• Is the contractor licensed by the state? (Not all states require licensing.)
  • Is the contractor certified through the National Ground Water Association? The highest level a contractor can achieve is MGWC (Master Groundwater Contractor), passing all specialty NGWA certification exams and a general exam.
  • Does the contractor submit well logs?
  • Does the contractor have adequate equipment in good condition to do the job?
  • Does the contractor have adequate liability and workers’ compensation insurance to protect you?
  • Is the contractor familiar with applicable health and safety codes?
  • What is the contractor’s reputation with previous customers?
  • Will the contractor furnish a written contract specifying the terms and conditions of the job?
  • Is the contractor a member of the National Ground Water Association? Does he have a current NGWA sticker on his truck? NGWA members support the industry, have access to new technology and improved approaches, are dedicated to quality of workmanship, and promote and protect the groundwater resource. They know their stuff and will work with you to get the job done right. You can contact the NGWA customer service department at (800) 551-7379 or our “Contractor Lookup” for a list of member contractors in your area.

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Iowa Groundwater and Water Well Statistics

Few states can accurately or confidentially determine how many residential wells are in place. For each region, the American Housing Survey by the U.S. Census provides regional data.

Iowa is found in the Midwest, along with these other states: Ohio, Michigan, Indiana, Illinois, Wisconsin, Minnesota, North Dakota, South Dakota, Iowa, Nebraska, Kansas, and Missouri.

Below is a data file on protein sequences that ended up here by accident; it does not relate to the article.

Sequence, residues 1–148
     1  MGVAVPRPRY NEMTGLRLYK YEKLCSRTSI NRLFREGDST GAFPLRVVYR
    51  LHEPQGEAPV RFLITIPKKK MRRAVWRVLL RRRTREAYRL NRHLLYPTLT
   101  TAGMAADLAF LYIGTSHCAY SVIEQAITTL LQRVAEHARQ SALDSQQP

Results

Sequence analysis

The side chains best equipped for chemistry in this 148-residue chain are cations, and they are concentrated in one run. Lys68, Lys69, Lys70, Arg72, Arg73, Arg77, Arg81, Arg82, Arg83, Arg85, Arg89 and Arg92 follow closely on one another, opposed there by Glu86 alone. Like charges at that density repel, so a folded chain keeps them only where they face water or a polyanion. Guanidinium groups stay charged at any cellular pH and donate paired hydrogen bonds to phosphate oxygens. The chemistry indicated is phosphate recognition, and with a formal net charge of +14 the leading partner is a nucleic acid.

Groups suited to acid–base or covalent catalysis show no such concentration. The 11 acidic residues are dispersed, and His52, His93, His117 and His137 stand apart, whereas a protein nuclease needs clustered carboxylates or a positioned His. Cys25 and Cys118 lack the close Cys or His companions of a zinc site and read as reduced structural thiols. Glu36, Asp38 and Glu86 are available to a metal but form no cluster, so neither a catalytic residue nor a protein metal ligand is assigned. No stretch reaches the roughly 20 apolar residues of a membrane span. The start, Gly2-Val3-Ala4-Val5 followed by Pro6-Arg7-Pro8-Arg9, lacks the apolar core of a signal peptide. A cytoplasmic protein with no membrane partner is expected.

The last American Housing Survey Census indicates this region had 3,990,0002 households served by residential wells, with an average of 2.423 persons per household. The USGS estimates the population of self-supplied water supply users in Iowa to be 494,000, all of which were groundwater supplied.

  • 934 community water systems use groundwater for 1,492,000 people
  • 135 non-community, non-transient water systems use groundwater for 44,500 people
  • 631 non-community, transient water systems use groundwater for 72,200 people
  • 1,880 irrigation wells used serving 744 farms and 167,000 acres

Water Well Service and Repair Articles and Resources

Homeowner's Maintenance Checklist: Free Printable Download Regular water well system maintenance is important. Knowing and practicing the basics of regular well maintenance can reduce risks to your water supply and prevent costly and inconvenient breakdowns.

Some Common Mistakes Well Owners Make Regarding Their Wells and Equipment By Gary L. Hix, R.G., CWD/PI As a private water well contractor and well inspector for many years, I had the opportunity to observe and document a number of mistakes private well owners made to their wells and water systems. Some modifications were almost comical, while others I considered outright dangerous for the homeowner and […]